Court name
High Court General Division
Case number
50 of 2006

S v Mwawa (50 of 2006) [2008] MWHC 113 (08 June 2008);

Law report citations
Media neutral citation
[2008] MWHC 113







THE REPUBLIC……….…………………………….


Nankhuni, of counsel for the Appellant

Mwenelupembe and Mkwamba, of counsel for the

Mrs. Mbewe, Court Reporter, Court Reporter

Gonaulinji, Court Interpreter


The appellant was charged with four offences of abuse
of public office contrary to section 25B (1) of the Corrupt Practices
(Cap. 7:04) and the Penal Code offences of theft by public
servant contrary to section 283, forgery contrary to section 357 and

uttering a false document contrary to section 360. He pleaded not
guilty to all the four charges. Trial was before the Senior Resident

Magistrate Court in Lilongwe. After trial the appellant was convicted
on all counts, except that on the charge of theft by public
the court found that the facts did not establish that he was in
control or that he had custody of the public funds in question,
on evidence before it, the court proceeded to convict him instead of
the lesser offence of simple theft of those funds contrary
to section
278 of the Penal Code. He was sentenced to imprisonment for two years
for the offence of abuse of public office, six
months for the offence
of theft, five years for the offence of forgery and also five for the
offence of uttering a false document.

The facts as established by the evidence that was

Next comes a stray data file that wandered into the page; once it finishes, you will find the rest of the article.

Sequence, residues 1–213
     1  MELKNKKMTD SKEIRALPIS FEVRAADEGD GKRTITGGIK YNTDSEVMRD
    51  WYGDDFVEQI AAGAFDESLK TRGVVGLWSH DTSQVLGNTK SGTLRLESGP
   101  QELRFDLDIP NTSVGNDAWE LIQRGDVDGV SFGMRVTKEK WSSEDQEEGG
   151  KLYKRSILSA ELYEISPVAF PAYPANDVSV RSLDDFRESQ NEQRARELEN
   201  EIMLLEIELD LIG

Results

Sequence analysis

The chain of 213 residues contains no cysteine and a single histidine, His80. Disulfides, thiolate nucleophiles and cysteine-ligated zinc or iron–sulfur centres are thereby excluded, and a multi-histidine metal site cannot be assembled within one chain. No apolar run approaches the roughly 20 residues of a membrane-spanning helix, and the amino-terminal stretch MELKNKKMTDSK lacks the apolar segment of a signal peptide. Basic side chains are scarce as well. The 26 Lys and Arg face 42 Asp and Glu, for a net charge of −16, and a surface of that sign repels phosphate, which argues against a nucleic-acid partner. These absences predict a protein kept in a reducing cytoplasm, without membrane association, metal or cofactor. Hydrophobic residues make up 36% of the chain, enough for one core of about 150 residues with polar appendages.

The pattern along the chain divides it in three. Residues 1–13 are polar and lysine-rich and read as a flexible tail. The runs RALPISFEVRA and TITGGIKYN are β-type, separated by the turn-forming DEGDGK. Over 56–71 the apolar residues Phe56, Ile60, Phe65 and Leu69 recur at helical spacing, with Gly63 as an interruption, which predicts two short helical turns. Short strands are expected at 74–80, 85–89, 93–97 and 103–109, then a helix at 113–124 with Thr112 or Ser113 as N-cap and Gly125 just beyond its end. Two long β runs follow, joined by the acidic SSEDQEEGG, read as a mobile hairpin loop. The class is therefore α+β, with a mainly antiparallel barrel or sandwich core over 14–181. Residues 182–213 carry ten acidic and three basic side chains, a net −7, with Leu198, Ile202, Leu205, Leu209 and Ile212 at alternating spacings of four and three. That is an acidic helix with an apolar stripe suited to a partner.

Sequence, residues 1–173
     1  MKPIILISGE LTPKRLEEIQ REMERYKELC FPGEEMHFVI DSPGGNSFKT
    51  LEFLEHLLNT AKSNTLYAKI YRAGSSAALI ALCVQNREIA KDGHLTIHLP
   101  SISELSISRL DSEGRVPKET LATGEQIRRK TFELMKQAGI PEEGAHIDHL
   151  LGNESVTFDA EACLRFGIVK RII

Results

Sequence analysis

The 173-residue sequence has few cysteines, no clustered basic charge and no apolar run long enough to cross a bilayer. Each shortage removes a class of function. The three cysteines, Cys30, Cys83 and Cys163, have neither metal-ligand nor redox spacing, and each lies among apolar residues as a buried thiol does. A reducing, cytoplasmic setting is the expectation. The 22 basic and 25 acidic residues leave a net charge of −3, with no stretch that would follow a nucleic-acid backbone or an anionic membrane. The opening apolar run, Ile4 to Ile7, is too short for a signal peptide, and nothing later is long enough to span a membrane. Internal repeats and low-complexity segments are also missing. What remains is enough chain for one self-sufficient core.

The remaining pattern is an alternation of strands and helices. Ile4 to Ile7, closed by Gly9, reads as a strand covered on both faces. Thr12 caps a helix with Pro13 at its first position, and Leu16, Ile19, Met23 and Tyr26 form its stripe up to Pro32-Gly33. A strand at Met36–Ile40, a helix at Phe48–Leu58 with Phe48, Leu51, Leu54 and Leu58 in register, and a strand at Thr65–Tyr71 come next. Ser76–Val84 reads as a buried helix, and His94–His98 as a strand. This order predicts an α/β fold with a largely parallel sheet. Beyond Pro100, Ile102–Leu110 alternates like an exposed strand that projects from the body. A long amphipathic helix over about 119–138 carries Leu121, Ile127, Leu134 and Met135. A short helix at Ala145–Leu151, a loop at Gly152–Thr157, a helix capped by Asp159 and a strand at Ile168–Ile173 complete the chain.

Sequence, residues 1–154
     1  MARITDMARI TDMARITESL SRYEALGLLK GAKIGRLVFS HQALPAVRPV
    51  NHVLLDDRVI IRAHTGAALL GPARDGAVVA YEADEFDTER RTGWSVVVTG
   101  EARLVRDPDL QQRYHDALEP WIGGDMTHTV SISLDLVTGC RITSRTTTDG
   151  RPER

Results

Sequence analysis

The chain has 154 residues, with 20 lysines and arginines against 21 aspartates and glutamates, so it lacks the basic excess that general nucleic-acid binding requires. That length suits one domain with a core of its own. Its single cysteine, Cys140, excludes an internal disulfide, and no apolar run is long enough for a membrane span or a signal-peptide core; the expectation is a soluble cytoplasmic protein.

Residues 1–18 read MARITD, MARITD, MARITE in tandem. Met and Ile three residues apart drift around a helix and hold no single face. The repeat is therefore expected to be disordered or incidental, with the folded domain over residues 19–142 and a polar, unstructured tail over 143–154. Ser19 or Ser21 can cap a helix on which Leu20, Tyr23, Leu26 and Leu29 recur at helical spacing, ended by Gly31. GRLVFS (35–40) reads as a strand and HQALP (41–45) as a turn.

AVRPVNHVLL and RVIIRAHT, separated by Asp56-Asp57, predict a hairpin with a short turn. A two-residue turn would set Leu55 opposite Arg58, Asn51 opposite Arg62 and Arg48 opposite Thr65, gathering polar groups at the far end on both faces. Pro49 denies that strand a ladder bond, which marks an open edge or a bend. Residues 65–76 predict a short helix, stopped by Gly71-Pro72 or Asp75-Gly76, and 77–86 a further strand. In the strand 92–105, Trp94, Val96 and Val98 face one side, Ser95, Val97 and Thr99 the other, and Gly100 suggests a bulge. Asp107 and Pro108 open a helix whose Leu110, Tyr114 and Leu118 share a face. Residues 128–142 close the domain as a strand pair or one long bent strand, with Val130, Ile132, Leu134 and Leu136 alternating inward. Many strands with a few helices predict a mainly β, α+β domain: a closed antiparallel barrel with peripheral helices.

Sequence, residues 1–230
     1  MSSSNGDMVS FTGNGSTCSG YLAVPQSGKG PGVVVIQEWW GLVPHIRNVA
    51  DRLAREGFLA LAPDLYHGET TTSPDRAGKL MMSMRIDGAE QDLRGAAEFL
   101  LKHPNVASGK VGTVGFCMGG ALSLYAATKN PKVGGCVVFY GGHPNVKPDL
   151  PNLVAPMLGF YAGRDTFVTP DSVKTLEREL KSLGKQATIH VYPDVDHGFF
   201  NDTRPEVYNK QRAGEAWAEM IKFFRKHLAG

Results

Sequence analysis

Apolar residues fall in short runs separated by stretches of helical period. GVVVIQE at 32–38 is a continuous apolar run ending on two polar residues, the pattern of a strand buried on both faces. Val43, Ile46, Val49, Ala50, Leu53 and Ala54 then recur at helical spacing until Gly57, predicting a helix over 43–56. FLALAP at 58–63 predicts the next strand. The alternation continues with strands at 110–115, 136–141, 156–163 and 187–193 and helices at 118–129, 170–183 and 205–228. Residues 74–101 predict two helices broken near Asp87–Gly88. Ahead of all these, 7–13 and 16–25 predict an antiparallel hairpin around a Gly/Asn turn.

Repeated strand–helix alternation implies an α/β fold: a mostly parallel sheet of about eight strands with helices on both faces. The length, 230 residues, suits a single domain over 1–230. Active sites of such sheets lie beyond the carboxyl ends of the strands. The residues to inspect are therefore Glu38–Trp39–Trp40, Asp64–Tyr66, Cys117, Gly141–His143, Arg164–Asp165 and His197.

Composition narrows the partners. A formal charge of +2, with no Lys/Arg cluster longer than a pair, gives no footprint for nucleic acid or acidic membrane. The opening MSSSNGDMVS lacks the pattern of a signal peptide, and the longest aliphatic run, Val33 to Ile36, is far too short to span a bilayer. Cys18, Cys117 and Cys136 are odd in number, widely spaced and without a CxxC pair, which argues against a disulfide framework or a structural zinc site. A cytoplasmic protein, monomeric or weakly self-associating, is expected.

before the trial court show that the appellant, who was Minister of
in the Malawi Government, gave orders or instructions for
the expenditure of a sum of K160, 550 to be drawn on one of the bank

accounts of the Ministry payable to Mount Soche Hotel in Blantyre. A
cheque, No.1035, of the Ministry for that amount was made
out dated
22nd March, 2005,
and was paid to Mount Soche Hotel and the hotel issued a receipt for
the amount. The payment was indicated to be for
what was officially
called an education consultative meeting. The payment however was
used to pay for a wedding function held at
the hotel four days later
on 26
th March.
This was the appellant’s own wedding and he had personally made the
booking for the wedding to be held on that day and
got a quotation of
that amount for the wedding function. Those facts were the basis of
the two charges of abuse of office and theft
by public servant.

Only a few days after the wedding, there was a story in